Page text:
Curiosity as a Business Practice

Trying to define curiosity is like trying to define the color blue.

Depending on your perspective, mindset, and motivations – curiosity could mean being open to more information or inclined to risk-taking actions and decisions, falling down the rabbit hole of the internet, or being engrossed in research papers. 

Curiosity is such a natural part of who we are and what we do that we are oblivious to its reach into our lives. With the ease of access to information, our continuous demand for information drives everything from the global economy to learning motivation. The impulse to search and discover is ingrained into a person’s DNA. 

Todd Kashdan, author of Curious? Discover the Missing Ingredient in Life, believes “in order to find purpose and meaning in life, one must be curious, engage in experimentation, and utilize all that can be gained from life’s many trials and errors.”  

“Curiosity: the desire to understand what you do not.”

~William James

Creativity, curiosity, and business

When thinking about curiosity as making use of our natural questioning skills it is apparent that there was never a more important time for L&D to support building curiosity as a business practice to support a growth mindset. This means tightening the relationship between learning and business to build curiosity practices into the business ecosystem. 

As nebulous as the concept of curiosity is, we can readily connect its importance to business success. We know there is a thread that leads from curiosity to creativity. However, as we unravel that thread there are some interesting discoveries. 

The IBM Institute for Business Value conducted a survey of 1500 C-suite level executives and asked, “What do you really need in leadership today?”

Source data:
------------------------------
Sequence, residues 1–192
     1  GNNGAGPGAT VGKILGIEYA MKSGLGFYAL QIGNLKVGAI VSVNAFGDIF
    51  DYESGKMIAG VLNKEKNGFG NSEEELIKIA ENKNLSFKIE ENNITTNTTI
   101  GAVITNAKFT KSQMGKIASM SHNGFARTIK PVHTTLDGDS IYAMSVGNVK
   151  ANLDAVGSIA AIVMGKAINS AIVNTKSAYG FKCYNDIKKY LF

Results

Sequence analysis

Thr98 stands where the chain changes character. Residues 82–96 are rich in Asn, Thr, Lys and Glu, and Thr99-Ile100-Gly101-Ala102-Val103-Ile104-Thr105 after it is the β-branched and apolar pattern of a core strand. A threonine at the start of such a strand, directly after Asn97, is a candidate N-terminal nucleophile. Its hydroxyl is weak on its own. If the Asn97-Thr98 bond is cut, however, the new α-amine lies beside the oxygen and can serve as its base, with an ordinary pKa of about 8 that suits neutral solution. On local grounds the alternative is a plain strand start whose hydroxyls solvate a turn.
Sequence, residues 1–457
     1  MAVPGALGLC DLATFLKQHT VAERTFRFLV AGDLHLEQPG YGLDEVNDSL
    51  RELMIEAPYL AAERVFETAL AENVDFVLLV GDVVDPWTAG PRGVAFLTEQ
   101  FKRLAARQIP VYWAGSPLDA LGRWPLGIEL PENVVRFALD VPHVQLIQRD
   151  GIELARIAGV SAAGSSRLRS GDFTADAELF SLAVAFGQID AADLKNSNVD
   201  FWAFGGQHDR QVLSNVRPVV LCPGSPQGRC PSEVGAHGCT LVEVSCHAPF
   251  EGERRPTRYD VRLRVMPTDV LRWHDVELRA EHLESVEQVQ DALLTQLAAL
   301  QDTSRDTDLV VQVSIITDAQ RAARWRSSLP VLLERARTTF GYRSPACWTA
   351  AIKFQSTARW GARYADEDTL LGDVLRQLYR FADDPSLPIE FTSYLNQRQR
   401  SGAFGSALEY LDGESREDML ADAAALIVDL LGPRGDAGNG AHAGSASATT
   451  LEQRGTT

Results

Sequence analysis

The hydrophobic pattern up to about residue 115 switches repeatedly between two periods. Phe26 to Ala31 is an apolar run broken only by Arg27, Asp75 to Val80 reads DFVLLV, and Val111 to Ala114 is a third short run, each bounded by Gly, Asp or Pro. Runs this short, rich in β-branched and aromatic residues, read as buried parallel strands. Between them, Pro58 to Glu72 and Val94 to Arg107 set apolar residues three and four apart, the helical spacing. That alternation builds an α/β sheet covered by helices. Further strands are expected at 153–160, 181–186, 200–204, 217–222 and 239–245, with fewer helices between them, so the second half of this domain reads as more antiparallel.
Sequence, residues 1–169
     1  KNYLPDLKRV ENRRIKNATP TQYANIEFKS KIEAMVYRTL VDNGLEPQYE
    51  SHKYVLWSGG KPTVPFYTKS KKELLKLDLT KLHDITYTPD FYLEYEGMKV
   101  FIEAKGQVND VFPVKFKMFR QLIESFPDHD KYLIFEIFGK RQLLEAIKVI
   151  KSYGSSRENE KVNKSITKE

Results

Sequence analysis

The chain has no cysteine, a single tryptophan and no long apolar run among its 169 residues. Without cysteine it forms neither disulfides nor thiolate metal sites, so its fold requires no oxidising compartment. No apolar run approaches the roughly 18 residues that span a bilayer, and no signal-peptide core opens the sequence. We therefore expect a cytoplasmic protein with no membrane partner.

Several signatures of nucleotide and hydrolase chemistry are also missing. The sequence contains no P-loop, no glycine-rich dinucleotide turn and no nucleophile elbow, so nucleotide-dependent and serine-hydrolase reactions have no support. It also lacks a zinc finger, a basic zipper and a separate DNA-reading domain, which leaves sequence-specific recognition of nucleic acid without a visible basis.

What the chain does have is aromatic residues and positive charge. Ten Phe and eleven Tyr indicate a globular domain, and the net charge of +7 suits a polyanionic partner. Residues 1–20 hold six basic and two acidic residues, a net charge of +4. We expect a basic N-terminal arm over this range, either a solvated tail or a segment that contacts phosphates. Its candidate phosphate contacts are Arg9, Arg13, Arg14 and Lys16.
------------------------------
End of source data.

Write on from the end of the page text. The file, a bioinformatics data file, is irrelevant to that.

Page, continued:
The answer: creativity

Understanding that creativity and curiosity go hand in hand, Francesca Gino, Professor at Harvard Business School, conducted a  survey of 520 CLOs and found “[CLOs] discourage curiosity because the company would be harder to manage, and disagreements would arise slowing productivity and execution.”  

Additionally, a recent McKinsey leadership survey stated, “leadership values and requires employees who question the status quo. However, research shows that management intentionally (or unintentionally) suppresses creativity efforts to mitigate risk.” [emphasis mine]

The question then becomes how can L&D square this discovery? Especially when it seems all forces are working against each other.  

Curiosity leads to business benefits

When we are curious, we view tough situations more creatively.” – Francesca Gino

Every day there are pieces of knowledge waiting to be discovered and explored, then pieced together like a jigsaw puzzle. To make these discoveries, businesses must rely on and support key curiosity foundations such as open communication and collaboration. Businesses will see that by doing so, overall mindset growth will be directly impacted and improved.  Such as:

  • Reduced group conflict
  • More accepting of positive changes
  • Less confirmation bias
  • Fast and better problem solving
  • Greater adaptability
  • Open skill sharing

These results become apparent when L&D nurtures, and businesses support an organizational culture of experimentation centered around curiosity and innovation. Curiosity is the thread that connects turning pieces of knowledge into greater business discoveries. Building a culture of curiosity is the foundation of how a business goes from direct mail for movies to being the largest subscription streaming service worldwide as of March 2020. 

Curiosity is the difference between Blockbuster and Netflix.

Business and learning leaders alike can point to business improvements stemming from broadening team member’s curious horizons from “giving answers” to “asking questions.” The internet is full of business use cases that demonstrate using the power of putting curious minds to work in a collaborative effort. 

But how to get there from here? 

Building curiosity into the business

“Curiosity results from a motivation to master one’s environment.” – R.W. White, 1959

How can L&D rethink curiosity for better business use? First, remove the instinct to prevent failures and treat curiosity and experimentation as practice. It is not surprising to know that curiosity is the common denominator between successful people and businesses.